Professional Comment

Hospitality Business Owners Shouldn’t Bury Their Head On Debt Repayments

By Martin Edwards, partner and head of property litigation at law firm Shakespeare Martineau (

It’s no secret that hospitality faced a particularly tough time during the pandemic – being forced to close at multiple points for months on end, with many being unable to pay their rent as cash flow dried up. The moratorium on evictions provided a lifeline for many during this time, but now, new Government legislation has been introduced to settle matters related to arrears built up during the pandemic.

The Commercial Rent (Coronavirus) Act 2022 “CRCA” is intended to support landlords and tenants to resolve payment of commercial rent arrears that accrued during any part of the period 21 March 2020 to 18 July 2021 (or 7 August 2021 in Wales) when businesses were forced to close due to the various COVID -19 lockdown restrictions.

This will vary according to the type of business. Many tenants working in the catering and hospitality sector were forced to close completely at that time. For example, in England, the restrictions for nightclubs lasted for the whole of the above period.

This new law stops landlords starting any form of recovery or enforcement action against their tenants for these arrears at any time between now and 23 September 2022. But that does not mean business owners should bury their head in the sand.

Landlords and tenants are encouraged to use this new law to try to negotiate a solution between themselves which balances the landlord’s solvency whilst preserving the viability of the tenant’s business. If they cannot reach agreement, they each know they can then appoint an arbitrator who will decide the matter but acting on the same principles. The policy behind the new law is to preserve otherwise viable businesses and the jobs they support.

Arbitrators must find a way in which the parties can settle their differences and reach a binding agreement. This could potentially include giving tenants further time to pay or rent holidays etc.

Here’s a short guide as to whether a hospitality business might be able to qualify for protection under the new legislation:-
• It only covers rent that fell due during the period between March 2020 and July 21 (as above)
• Your business must have been forced to close completely for all or some time during that period
• Your Landlord hasn’t already started formal recovery action against you pre 25 March 2022 (when the new law came into force).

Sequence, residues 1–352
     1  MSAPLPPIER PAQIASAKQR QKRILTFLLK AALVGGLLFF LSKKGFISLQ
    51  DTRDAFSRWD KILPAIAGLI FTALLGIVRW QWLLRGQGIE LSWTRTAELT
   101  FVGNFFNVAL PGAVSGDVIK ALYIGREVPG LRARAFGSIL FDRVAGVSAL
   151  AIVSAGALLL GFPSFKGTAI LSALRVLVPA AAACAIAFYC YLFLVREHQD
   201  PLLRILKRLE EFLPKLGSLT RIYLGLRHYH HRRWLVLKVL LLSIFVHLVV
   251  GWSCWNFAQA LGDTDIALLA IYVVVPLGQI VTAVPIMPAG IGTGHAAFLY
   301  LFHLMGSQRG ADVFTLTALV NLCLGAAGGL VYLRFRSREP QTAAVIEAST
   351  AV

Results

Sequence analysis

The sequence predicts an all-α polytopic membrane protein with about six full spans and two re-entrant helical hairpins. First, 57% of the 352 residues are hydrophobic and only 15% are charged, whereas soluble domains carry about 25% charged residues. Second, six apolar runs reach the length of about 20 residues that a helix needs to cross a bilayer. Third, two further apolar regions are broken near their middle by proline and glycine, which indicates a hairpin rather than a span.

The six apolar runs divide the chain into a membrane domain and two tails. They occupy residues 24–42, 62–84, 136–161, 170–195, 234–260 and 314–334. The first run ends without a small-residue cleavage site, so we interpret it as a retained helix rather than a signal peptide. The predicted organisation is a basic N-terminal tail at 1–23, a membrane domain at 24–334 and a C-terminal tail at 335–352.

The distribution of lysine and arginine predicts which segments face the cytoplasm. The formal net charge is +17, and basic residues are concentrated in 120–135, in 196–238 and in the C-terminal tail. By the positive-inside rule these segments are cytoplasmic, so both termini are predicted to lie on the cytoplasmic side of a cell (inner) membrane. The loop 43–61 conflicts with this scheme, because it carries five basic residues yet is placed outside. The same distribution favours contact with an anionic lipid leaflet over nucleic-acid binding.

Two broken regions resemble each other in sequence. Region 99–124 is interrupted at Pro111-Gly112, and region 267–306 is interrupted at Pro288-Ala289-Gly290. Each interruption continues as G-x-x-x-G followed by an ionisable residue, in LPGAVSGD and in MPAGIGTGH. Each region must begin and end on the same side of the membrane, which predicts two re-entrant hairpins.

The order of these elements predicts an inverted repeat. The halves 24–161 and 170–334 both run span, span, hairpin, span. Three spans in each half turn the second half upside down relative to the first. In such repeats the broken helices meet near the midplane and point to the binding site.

• You have not already reached agreement with your landlord for rent during this period.
• You must be able to show that your business was otherwise “viable” during that time – those businesses which are effectively already insolvent are not covered by this arbitration scheme.
• Starting the process does not necessarily mean you are bound to end up in front of an arbitrator – most disputes referred are expected to settle on terms being agreed between the parties.
• Check the Code of Practice for more details and guidance on how parties should approach negotiations – find it here:-

Tenants should come prepared to the arbitration process with cash flow forecasts and accounts to prove that, through interventions such as a rent holiday for example, they’ll be able to pay their arrears in due course.

Anecdotally, it does not seem that many landlords are choosing to use the new law. They may be waiting until end of September deadline when they get their full enforcement rights back. But hospitality managers have an equal right to rely on these new provisions now.

Those tenants who qualify are fast running out of time to try to avoid future claims for these arrears. Particularly with many Q3 rent payments coming at the end of September, business owners who fail to seek arbitration by 23 September 2022 will likely be facing the perfect storm – landlords are then entitled to demand the new rent payment alongside any arrears amassed during the pandemic. There is no sign from the Government that the current deadline of 23 September 2022 will be extended. Once it’s gone, it’s gone. Arbitration offers a relatively fast, simple and affordable process to resolve these disputes.

With the cost of living squeeze likely to impact the hospitality sector this autumn, tenants can help themselves by engaging with their landlord now via this new arbitration scheme and in that way hopefully remove the risk of unwanted enforcement action when they least want it.